We could draw and paint the world outside we missed most—the beautiful blue sky, the sea, flowers, and nature. We painted our pain, our fear, our hope, our dreams. After eight years of indefinite and arbitrary detention, we felt connected again to our lost humanity. Each brushstroke colored in a piece of who we once were.

During the Obama administration, we were allowed to send our artwork to our lawyers and families. The journey of artwork out of Guantánamo was similar to ours, and it was not spared from the violence that is Guantánamo.

Each painting we created had to go through a rigorous process of review and censorship by multiple agencies and departments in order to leave the prison. Some of our artwork disappeared, some was redacted and silenced, and some made it out of the military prison. Was that ship a message? Was the art communicating an imminent threat? Anything suspicious lead to immediate disappearance (a death sentence). If artworks survived the scrutiny of the censors, they were registered, numbered, and stamped. But that didn't mean the artwork wouldn't be confiscated or taken later. Suffice it to say that the stamp on the back of the art continues to be reminder of the violence we endured, and which many still endure, at Guantánamo .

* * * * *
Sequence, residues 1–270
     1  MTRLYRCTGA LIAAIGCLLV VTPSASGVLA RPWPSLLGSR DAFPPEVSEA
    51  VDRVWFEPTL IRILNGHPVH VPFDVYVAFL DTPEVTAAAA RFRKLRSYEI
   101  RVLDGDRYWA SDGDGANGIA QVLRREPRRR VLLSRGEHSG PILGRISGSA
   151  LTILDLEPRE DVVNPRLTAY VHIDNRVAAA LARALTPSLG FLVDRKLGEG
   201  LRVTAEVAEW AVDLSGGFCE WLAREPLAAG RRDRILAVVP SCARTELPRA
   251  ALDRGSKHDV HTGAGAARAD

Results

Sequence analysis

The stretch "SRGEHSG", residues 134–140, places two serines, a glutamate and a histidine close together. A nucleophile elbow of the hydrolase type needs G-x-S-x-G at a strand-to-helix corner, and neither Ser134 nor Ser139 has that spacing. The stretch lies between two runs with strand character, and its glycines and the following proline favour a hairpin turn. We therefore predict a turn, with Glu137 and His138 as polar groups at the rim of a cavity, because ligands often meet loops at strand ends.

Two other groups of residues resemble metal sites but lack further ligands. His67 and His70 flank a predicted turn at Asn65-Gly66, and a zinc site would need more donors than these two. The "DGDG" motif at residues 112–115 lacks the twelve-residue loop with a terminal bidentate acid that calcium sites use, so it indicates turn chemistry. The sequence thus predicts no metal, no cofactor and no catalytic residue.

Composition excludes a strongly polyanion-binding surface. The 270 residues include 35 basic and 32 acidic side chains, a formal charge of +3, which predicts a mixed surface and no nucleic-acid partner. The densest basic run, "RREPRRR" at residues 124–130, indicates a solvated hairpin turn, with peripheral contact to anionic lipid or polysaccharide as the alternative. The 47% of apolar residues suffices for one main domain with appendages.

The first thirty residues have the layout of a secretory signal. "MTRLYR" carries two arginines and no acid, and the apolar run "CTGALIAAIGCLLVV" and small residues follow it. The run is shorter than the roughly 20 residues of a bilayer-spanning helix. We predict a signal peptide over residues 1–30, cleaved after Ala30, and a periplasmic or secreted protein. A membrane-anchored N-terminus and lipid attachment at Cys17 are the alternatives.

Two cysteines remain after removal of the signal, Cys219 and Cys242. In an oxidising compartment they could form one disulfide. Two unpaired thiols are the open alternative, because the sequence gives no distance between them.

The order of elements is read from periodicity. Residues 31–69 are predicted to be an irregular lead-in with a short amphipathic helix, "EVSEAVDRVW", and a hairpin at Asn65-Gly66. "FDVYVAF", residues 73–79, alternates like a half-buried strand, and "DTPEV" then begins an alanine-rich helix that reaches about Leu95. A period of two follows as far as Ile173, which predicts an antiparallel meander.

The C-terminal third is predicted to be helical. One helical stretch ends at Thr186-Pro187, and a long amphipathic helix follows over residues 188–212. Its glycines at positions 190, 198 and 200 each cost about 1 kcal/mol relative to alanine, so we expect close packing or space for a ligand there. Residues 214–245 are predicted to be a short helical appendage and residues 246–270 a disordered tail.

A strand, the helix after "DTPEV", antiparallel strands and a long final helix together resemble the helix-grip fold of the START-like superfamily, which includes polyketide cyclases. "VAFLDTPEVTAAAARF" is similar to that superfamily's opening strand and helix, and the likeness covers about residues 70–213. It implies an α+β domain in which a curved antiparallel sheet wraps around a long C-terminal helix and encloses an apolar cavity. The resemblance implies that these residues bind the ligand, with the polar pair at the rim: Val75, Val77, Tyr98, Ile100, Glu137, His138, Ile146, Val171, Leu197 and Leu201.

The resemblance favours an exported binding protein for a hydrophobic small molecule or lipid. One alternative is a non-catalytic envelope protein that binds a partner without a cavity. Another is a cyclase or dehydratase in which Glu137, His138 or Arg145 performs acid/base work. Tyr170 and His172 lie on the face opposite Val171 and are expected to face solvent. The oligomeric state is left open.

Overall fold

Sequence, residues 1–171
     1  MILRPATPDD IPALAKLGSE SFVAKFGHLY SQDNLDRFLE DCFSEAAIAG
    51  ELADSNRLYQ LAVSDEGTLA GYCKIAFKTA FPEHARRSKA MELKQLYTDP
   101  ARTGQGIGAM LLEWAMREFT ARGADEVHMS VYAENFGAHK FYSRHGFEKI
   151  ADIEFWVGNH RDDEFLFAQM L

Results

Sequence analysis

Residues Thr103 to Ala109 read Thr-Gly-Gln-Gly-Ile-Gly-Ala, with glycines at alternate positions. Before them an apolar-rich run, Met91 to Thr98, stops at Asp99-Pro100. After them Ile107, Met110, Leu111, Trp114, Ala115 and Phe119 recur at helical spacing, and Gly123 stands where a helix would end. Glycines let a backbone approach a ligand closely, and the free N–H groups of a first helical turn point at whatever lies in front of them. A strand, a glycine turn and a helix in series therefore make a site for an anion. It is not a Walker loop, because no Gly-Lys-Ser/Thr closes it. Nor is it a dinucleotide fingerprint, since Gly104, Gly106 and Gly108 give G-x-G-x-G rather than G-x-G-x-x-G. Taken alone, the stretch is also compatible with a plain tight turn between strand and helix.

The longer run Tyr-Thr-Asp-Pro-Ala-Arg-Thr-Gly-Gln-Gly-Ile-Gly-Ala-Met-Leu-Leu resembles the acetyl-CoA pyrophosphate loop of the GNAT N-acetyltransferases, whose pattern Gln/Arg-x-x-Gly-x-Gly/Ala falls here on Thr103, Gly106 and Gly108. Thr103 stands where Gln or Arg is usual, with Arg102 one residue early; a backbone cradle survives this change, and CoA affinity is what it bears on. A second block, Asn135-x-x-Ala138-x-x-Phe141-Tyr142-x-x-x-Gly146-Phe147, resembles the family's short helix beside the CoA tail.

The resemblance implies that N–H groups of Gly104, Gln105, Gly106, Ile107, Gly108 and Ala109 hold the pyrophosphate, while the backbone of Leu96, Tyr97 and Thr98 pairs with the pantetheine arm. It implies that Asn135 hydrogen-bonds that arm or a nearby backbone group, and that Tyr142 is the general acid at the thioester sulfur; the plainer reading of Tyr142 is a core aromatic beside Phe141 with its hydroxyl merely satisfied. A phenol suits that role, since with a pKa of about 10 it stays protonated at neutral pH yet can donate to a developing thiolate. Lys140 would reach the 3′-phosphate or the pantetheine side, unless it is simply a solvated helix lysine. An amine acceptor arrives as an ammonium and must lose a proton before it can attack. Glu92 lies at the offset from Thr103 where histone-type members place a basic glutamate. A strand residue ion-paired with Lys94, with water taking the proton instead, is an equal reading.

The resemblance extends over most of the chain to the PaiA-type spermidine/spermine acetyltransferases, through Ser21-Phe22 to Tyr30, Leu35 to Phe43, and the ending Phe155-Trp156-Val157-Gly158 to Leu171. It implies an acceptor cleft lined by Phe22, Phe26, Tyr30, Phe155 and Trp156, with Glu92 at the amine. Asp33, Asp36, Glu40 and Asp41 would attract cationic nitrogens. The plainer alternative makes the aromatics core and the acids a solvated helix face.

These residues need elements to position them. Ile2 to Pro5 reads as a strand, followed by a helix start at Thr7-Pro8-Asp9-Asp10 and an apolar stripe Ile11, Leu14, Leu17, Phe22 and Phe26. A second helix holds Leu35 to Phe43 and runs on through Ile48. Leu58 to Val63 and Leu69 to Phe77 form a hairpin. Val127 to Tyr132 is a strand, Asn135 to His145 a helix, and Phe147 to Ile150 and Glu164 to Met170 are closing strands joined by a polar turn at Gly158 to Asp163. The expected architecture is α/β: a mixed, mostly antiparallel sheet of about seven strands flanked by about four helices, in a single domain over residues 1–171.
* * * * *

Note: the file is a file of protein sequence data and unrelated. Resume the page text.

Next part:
Moreover, like Guantánamo prisoners, some art died at Guantánamo. Some art is still held there waiting to be released.

At one point, even the U.S. government created an art gallery at the camp to exhibit our artwork for visitors and the media. While art helped to make us human again, the camp administration used what we created to construct the illusion that we were treated humanely.

I was one of the prisoners who made it out of Guantánamo—more fortunate than many who continue to languish behind bars. My journey to this point—standing in front of the E.U. parliament as a free man without shackles, chains, and no guards dragging me around for sport—was long and arduous. While I stood in my orange shirt looking at each painting for the first time after I was released in 2016, the memories of the place that tortured and detained me flashed through my mind, tears blurring my vision as I reconnected with my paintings. It was not just feelings of anguish however that filled my memories, but resilience as well—the resilience that I knew then would get me here now.

"It's nice to see you again my sweethearts. I'm glad we made it in one piece. I've missed you."

These are all things I said to my paintings, which could never be reduced to a piece of paper, but are testaments to our struggle for survival amid unimaginable cruelty.